That means you might need to withdraw a few thousand dollars extra from your savings each year to pay your taxes and maintain the kind of lifestyle you want in retirement. And because you’re withdrawing more, you’ll need to have more saved to avoid running out of money during retirement. 

But if you’re saving for retirement with a Roth IRA or a Roth 401(k), that’s a whole different story. With Roth accounts, your contributions are made with after-tax dollars. That means in most cases, once you turn 59 1/2 you won’t owe income taxes on any or most of the money you withdraw from those accounts. Woo-hoo!

So if you’re deciding between a Roth or traditional retirement account, here’s the bottom line: Roth beats traditional every time!

Keep in mind that you also might need to pay taxes on your Social Security benefits depending on your situation. That’s why it’s always a good idea to consult a tax pro to make sure your tax bases are covered.

3. Lifestyle in Retirement

Cost of living and taxes will help you figure out how much money you’ll need in your golden years. But there’s one more factor—and it’s the most important one: You!

How you want to live in retirement will determine how big your nest egg needs to be. A person who wants to travel the world in retirement, for example, will need a lot more in the bank than a person who wants to volunteer in their community and watch their grandkids grow up.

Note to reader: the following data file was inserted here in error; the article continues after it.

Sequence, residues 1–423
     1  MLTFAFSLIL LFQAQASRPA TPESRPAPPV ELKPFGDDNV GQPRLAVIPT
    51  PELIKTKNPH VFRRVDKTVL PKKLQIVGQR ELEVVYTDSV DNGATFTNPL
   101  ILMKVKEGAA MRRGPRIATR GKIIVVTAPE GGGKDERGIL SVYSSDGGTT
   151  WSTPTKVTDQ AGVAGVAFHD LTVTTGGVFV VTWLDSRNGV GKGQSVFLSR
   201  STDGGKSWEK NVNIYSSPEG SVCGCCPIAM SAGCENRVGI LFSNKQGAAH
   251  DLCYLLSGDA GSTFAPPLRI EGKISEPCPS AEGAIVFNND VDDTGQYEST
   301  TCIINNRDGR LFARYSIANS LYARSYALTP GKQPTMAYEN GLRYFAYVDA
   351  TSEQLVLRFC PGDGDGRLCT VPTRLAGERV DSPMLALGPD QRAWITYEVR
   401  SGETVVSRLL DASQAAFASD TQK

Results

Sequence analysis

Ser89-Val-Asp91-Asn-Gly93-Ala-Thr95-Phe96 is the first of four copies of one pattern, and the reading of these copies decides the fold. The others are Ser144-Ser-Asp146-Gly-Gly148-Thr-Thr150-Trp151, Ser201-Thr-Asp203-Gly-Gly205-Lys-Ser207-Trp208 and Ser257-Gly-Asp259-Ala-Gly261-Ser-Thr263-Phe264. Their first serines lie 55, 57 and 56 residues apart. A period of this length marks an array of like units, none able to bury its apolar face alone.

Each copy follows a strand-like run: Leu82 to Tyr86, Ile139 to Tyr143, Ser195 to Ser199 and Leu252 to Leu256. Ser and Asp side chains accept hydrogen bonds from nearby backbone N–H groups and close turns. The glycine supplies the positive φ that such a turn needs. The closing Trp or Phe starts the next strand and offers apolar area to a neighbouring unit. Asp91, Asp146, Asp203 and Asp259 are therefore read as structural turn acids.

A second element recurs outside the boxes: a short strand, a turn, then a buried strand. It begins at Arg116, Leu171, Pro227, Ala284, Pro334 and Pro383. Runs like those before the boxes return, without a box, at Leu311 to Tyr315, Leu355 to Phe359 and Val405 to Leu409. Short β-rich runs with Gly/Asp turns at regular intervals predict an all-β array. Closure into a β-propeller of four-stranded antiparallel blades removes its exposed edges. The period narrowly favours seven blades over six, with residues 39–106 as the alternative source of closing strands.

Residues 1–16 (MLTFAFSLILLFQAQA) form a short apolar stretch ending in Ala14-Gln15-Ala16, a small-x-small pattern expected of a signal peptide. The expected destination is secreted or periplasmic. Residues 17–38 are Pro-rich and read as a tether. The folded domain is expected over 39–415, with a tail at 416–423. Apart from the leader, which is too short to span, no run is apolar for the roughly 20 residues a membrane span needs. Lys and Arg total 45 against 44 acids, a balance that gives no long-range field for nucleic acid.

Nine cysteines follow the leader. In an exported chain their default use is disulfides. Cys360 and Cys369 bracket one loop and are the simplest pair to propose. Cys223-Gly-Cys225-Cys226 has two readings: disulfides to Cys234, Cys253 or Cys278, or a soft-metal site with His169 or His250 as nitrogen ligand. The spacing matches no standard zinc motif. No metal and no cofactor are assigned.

And remember to keep a proper perspective about what a millionaire lifestyle actually looks like. A lot of folks think millionaires fly around in private jets and dine out on lobster and filet mignon every night, but that’s just not true!

According to The National Study of Millionaires, the vast majority of millionaires live on less than they make, spend $200 or less each month at restaurants, and still use coupons to look for good deals. Even though they don’t really have to worry about money anymore, they’re still careful about spending in retirement—and you should be too!


This article provides general guidelines about investing topics. Your situation may be unique. If you have questions, connect with a SmartVestor Pro. Ramsey Solutions is a paid, non-client promoter of participating Pros.